urkey’s south coast is a great antidote to the busy streets and bazaars of Istanbul. It did not take much to encourage the hikers in the group to abandon their beds in the restored Ottoman houses of our hotel in the Old City in Antalya and to head to the mountains inland to the ancient archeological site of Termessos. One hour outside of the city and we are into Gulluk Dagi National Park. The road winds up the steep mountainside with hairpin turns until we reach a parking lot and the beginning of the hiking trails. Our day is perfection, not a cloud in the sky and the early morning coolness makes the uphill climb a comfort. Here we are at Termessos, the home of the Somian culture of ancient times. The first recorded reference to this city is in the Illiad in the 7th BC. Alexander the Great laid siege to this city in the 3rd c BC but w as unable to conquer these people and moved on with his troops after losing

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Sunday Morning Rambles in Beyoglu, Istanbul

unday evening is our start to our travels together in Western Turkey and guests from Vancouver are arriving en route via France, Switzerland, Italy and America. Of the twelve people who have joined us for this tour in Western Turkey two couples who arrived a day early express their wish to attend a Catholic mass on Sunday morning. We meet an hour early in Taksim Square and walk the side streets off of the main walking street of Istiklal through Beyoglu, the 19th c European quarter of Pera in Istanbul before arriving at the neo Gothic church of St Anthony of Padua. After mass we walk down the hill along a street loaded with musical instrument shops past the Galata tower, a 14th c construct of the Genoese in Constantinople. Along the way we pick up a glass of freshly squeezed…

Day Trip from Mardin to Dara – SE Turkey

he week before it was time to come home from Turkey my daughter Leah and I took a short trip to Mardin in the Southeast of Turkey.  Our time was a combination of putting our feet up and relaxing and also exploring some nearby sites and cities that I had never visited previously. One such morning we set aside some time for a trip to Dara.  Dara is a village built on the site of ruins dating back to the 6th c BC.  The name harkens back to King Darius the Persian king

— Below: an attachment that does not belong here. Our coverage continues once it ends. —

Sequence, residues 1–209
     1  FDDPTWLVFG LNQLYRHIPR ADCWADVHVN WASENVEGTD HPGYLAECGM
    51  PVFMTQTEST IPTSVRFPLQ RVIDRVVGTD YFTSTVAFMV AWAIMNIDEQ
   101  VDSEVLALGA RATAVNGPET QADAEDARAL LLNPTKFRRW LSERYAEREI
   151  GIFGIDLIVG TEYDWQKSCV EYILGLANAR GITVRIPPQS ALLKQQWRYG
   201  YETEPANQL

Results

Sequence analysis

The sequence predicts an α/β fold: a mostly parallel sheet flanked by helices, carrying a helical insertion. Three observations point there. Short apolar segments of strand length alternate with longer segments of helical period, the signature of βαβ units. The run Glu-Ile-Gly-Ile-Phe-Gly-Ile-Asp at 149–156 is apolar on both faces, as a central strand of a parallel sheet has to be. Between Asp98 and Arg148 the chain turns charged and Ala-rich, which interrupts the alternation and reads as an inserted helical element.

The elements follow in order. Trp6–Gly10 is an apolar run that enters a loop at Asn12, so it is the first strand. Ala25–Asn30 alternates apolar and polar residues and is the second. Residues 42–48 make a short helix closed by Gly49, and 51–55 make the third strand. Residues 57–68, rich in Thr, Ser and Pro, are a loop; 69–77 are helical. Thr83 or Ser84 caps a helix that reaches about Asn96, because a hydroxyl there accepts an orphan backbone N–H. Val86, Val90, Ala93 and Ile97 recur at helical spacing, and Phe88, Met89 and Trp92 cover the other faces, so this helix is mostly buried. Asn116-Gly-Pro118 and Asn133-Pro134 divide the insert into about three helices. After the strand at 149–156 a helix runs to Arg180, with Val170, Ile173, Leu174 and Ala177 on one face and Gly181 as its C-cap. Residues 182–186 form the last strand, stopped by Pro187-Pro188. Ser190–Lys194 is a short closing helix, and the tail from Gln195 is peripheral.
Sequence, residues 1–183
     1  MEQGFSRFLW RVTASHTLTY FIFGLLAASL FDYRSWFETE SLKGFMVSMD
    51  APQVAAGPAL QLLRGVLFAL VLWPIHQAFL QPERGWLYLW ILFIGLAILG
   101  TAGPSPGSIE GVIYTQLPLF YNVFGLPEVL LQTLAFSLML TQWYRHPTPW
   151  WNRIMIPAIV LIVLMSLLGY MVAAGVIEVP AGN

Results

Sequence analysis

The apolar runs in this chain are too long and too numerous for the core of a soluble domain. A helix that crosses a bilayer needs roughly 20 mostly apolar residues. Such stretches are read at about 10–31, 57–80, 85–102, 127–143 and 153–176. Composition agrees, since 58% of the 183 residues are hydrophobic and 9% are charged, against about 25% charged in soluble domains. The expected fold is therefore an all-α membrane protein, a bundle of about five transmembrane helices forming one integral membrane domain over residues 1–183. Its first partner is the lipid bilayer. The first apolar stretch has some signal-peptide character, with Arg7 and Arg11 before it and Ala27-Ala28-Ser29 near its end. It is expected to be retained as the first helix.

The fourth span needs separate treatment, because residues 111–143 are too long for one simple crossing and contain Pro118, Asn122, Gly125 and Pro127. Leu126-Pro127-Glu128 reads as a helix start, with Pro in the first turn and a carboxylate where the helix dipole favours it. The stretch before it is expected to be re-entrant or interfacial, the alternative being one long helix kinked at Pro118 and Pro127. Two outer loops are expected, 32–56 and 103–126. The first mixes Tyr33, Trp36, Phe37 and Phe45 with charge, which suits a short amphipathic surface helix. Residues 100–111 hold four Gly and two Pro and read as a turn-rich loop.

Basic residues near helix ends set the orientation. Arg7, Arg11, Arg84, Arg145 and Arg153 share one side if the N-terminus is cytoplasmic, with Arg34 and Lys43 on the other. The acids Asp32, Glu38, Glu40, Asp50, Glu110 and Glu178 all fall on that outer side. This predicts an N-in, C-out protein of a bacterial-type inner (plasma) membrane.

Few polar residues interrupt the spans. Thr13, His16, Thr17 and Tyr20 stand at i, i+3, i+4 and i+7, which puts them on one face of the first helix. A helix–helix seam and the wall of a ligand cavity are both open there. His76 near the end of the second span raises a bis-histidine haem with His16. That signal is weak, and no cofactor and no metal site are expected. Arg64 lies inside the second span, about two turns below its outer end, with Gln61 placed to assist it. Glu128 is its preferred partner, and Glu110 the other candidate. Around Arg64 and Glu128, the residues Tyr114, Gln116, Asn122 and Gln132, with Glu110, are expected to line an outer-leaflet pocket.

Tiles in the Harem of the Topkapi Palace, Istanbul.

y sister came for her first visit to Turkey this spring.  An early morning ferry ride across the Bosphorus, a tram ride up the hill to Sultanahmet and we were near the front of the line for tickets to the Topkapi Palace.  To view the Harem of the palace it requires purchasing a separate ticket within the Palace grounds.   At the main ticket office it indicated that the Palace opened at 9 a.m. and the Harem opened at 9:30 a.m.  On passing into the inner courtyard we went directly to purchase our tickets for the Harem and to our surprise they waved us through into the Harem.  What a unique experience!  I had never been in those rooms without swarms of others and we had the place to ourselves with perhaps half a dozen others who were lucky enough to stumble upon an early entrance. The Topkapi Palace hosts collections that are vast and diverse – textiles, weapons, the treasury,  and religious artifacts plus the kitchen complex with an extensive collection of porcelain, but for

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Fall 2013 – Eastern Turkey: The Land Beyond

ooking ahead to the fall of next year we have travel planned for Eastern Turkey October 4th -18th, 2013.  We will start and end our trip in Istanbul with an internal flight to the city of Trabzon on the Black Sea in the northeast of Turkey close to the Georgian border. Then we will return to Istanbul from Gaziantep in the southeast corner of Turkey.   Travel in eastern Turkey provides glimpses of landscape, culture and traditions that appear to have remained unchanged for centuries.  The same travel includes insight into the monumental changes that are impacting the region.  Highways, massive dams and sophisticated agricultural undertakings exist side by side with the very old. I personally love to tour the ancient sites of Eastern Turkey.  I love the experience of not being with masses of people as we wander through monasteries, palaces, abandoned ruins of bygone cities or hike in the Taurus Mountains above a lakeside village.  My imagination is lured back in time when on the Mesopotamian plain, when in Sanliurfa (birthplace of Abraham)